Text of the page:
Few companies were as prepared for the COVID-19 pandemic as Domino’s Pizza.
Having built its digitally enabled, off-premise infrastructure for nearly a decade, the company was positioned to thrive in a climate where many customers were stuck at home.
The Domino’s app isn’t just an add-on to the customer experience. For many, it is the customer experience. Beginning with the iPhone in 2011 and Android in 2012, Domino’s transitioned from a business reliant on phone calls to a true e-commerce leader. Domino’s digital sales were near 30% of total sales by the end of 2011, according to Bloomberg. Prior to the pandemic, they had risen to near 70%, per CNBC News.
Convenience retailers pursued a much different mobile strategy in the years leading up to the pandemic. Rather than emphasizing digital ordering and off-premises sales, their apps were typically designed around discount marketing and loyalty programs — strategies to encourage in-store visits. That made it difficult to serve customers, who were suddenly fearful about visiting their favorite stores due to the pandemic.
Now that we’re beginning to move on from the COVID-19 pandemic, this raises two questions: Should retailers revisit their mobile strategy and consider adding new functionality to their apps, and how might loyalty programs evolve in response to the events of this past year?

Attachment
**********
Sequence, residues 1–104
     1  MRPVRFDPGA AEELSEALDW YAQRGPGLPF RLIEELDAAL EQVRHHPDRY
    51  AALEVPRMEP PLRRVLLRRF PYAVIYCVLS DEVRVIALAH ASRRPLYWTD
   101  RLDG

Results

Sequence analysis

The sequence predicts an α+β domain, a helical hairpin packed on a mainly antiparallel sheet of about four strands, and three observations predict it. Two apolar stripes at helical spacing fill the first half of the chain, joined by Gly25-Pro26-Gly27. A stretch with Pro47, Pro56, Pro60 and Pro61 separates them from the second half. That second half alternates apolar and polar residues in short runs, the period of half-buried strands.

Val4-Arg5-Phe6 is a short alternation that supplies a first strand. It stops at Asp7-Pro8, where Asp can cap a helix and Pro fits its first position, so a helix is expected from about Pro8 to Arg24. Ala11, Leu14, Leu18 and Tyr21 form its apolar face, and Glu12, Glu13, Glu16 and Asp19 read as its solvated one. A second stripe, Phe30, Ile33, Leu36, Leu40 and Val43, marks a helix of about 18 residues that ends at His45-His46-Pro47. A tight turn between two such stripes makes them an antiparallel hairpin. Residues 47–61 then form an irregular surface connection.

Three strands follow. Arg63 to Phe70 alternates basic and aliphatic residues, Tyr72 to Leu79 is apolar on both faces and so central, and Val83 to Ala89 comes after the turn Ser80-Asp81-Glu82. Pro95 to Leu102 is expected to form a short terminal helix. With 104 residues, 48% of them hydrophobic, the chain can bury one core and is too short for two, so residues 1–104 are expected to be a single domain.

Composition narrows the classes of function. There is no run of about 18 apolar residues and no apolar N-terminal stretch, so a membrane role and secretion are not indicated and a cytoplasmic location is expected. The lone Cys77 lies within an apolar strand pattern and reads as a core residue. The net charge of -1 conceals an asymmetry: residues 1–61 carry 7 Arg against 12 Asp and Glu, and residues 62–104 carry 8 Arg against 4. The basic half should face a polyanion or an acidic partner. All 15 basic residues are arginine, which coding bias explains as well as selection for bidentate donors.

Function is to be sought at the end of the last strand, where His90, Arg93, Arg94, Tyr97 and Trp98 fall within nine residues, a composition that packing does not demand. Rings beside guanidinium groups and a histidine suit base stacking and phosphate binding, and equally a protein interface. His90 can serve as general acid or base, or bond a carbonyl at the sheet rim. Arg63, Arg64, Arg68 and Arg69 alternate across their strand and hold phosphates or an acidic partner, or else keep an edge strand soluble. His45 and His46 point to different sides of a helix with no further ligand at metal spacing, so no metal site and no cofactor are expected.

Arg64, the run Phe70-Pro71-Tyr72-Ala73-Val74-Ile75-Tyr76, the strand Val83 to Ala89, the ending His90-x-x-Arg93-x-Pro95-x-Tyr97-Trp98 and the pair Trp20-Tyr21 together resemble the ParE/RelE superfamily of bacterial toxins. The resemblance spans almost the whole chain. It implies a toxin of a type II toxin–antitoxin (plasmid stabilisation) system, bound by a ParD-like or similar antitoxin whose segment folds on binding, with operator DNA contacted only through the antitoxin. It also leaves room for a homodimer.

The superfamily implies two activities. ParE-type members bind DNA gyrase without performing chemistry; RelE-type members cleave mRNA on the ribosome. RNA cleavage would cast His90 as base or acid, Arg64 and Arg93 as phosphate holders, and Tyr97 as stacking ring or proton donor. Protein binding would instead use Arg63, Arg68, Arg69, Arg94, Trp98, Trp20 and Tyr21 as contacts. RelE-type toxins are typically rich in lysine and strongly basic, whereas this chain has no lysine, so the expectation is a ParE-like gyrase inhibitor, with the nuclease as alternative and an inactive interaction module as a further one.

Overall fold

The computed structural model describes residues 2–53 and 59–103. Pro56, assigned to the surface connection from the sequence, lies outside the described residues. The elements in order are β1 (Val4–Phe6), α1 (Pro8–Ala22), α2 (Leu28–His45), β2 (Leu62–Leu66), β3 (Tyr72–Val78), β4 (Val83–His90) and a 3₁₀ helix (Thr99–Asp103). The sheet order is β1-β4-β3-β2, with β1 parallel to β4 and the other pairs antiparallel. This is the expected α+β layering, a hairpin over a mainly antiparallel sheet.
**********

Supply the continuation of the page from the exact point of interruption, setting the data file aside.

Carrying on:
Let’s examine a few perspectives.
Moving Apps Forward
The pandemic reinforced the importance of understanding customers and their behaviors, explained Daniel Kahan, the loyalty lead at W. Capra Consulting Group.
“We’re coming back to the same conversation we had before the pandemic about the currency of data,” said Kahan. “When the pandemic hit and consumers were no longer coming to the stores in droves, many retailers lacked an understanding of who those customers were — and their purchase patterns. Some retailers even lacked ways to reach out to them.”
Kahan suggested that loyalty strategies must be based on actual consumer data rather than blindly pursuing mobile payment strategies or other drivers, such as consumer packaged goods (CPG) discounts. By understanding their needs and behaviors, retailers can identify specific tactics and techniques that can lead to a return on their investments.